Amongst the vicious circles that form the whisky hemisphere, the mention of the Society will mostly prompt a grunt of recognition from onlookers as pertaining to the Scotch Malt Whisky Society. This is true, in being the most recognisable exponent of the ethic, however recently I left the comforting bosom of this Edinburgh institution to seek out new whiskies and liberated experiences, to boldly go where no Rover has gone before.
The SMWS has become more profit orientated since changing hands and maximising its revenue streams. Of late it’s all felt a little youthful and cask finished orientated. I’m still not sure about the new bottle design either when the previous incumbent offered a wonderful, yet stylish simplicity. With prices reaching skyward, seeing trends materialise and take form, I felt it was time to pack up and move out. I suspect I’m not alone in this stance or course of action.
Where next on this whisky voyage? Frankly I still haven’t taken stock and found that homestead. Visiting Cadenheads on a regular basis and purchasing various bottles it’s probably a surprise to many that I just never have gotten around to joining the Springbank Society. For the one-off fee of £50 you’re entitled to the opportunity of purchasing one of the club bottlings. In recent years, like all things, limited and whisky related, it’s become a breeding ground for those enticed by auctions. It’s easy to see why given Springbank’s consistently fair approach of charging a reasonable price for a very good, or at least interesting whisky.
Given the physical limitations of a single cask release or vatting of a couple of such casks, there is never enough nowadays to satisfy demand. For the record I was fortunate to be able to purchase 2 bottles of this release and the spare has been promised to a friend for the cost price of £45. Yes, financial suicide I’m sure to many but see my middle finger…
Ironically, the debut release is all about a handful of fresh Sauternes hogsheads. This is a sweet French wine for those that don’t venture down the plonk aisle in Waitrose. Regulars will know this is my least favourite type of cask utilised in the whisky maturation process. My experiences of Sauternes are often as a finish, mainly a dubious intent to mask the limitations of a benign or disappointing cask by applying a fresh lick of magnolia. Yes, it’s the trade default tactical nuke to inject flavour into a terminal ill maturating whisky.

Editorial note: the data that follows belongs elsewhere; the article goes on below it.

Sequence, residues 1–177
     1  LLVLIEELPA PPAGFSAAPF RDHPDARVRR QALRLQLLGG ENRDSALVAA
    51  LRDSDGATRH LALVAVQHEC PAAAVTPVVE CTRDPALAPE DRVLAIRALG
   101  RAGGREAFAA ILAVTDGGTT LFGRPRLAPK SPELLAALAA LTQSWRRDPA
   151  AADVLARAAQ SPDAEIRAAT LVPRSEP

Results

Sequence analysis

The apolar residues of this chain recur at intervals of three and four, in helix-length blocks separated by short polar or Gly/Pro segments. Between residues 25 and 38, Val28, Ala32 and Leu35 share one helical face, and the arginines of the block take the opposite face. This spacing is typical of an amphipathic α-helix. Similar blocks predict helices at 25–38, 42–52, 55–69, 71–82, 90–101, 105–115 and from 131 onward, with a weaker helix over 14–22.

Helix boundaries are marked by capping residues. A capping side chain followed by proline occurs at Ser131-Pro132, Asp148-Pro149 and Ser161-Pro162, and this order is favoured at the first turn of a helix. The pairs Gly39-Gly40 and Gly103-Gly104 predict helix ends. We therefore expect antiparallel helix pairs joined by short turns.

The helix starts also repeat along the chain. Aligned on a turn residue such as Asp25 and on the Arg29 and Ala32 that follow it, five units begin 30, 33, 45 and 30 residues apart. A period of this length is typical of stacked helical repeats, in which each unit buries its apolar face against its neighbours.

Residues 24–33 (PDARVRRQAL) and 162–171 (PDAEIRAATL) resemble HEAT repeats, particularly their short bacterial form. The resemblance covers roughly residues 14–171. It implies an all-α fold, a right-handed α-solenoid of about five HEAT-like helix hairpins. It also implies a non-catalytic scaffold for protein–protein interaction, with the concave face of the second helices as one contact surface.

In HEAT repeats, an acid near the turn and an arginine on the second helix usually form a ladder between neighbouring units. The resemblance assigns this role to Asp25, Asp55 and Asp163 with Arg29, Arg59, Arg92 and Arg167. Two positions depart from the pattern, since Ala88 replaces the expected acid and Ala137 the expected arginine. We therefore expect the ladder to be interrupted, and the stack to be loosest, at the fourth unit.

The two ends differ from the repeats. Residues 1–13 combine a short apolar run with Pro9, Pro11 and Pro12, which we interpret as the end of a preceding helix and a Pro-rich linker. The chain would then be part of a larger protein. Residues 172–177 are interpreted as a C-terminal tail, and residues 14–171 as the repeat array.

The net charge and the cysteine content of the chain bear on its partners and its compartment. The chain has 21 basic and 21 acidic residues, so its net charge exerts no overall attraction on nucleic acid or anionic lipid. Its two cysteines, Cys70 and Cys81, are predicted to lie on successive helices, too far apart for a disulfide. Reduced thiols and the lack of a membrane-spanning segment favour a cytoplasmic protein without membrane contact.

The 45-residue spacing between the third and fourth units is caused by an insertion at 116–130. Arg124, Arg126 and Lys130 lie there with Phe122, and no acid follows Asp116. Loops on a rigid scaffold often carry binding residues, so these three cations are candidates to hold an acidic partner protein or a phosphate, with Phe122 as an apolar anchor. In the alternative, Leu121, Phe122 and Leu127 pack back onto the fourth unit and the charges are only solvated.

Funnily enough, the Scotch Malt Whisky Society does like to deploy such a cask type at the tail end of maturation. I do recall one very advanced cask that was in its late 30’s and yet for some reason was finished for 6 months in a Sauternes.
On paper there is no reason for this unless you’ve been fortunate to taste the whisky prior to its second voyage. The motto of the story is treat with caution especially when applied as a finish given the power and ferocity that the Sauternes missile can deliver.
Back to Springbank and this 9-year-old was distilled in November 2007, before being bottled in May 2017, at a strength of 57.1% volume. In total there are 1125 bottles, selected by Findlay Ross, the General Manager.
Springbank Sauternes 9 year old Review
Colour: cinder toffee
On the nose: a powerful cacophony of stewed fruits with plum jam, apricots and dried cranberries. There’s a further element of dried fruit with raisins and a scattering of lemon and orange peelings. It’s what lies beyond that is intriguing with an almost tomato relish brazenness mixed in with a hint of smoke and a layer of maple sweetness. Certainly an assortment of cracked walnuts and almost polished brass aspect to the voyage as well. Water delivers raspberries and a creamy vanilla custard.
On the mouth: a total contrast on the palate, there’s an elegance here and lacking some of the sickly sweet characteristics you associate with a Sauternes cask. A diluted jam-like quality, red liquorice with more cranberries towards the finish and a dollop of vanilla cream. Beneath there’s that distinct Springbank earthiness trying to burst out but its being held in chains. Then into a brown sugar finish with a hint of dryness. Water I felt brought out a cherry menthol aspect
the nose certainly can take a drop of water to tone down its youthful vigour, whereas the palate is perfectly behaved. A youthful and playful Springbank that works well with its host and at £45 is perfectly palatable.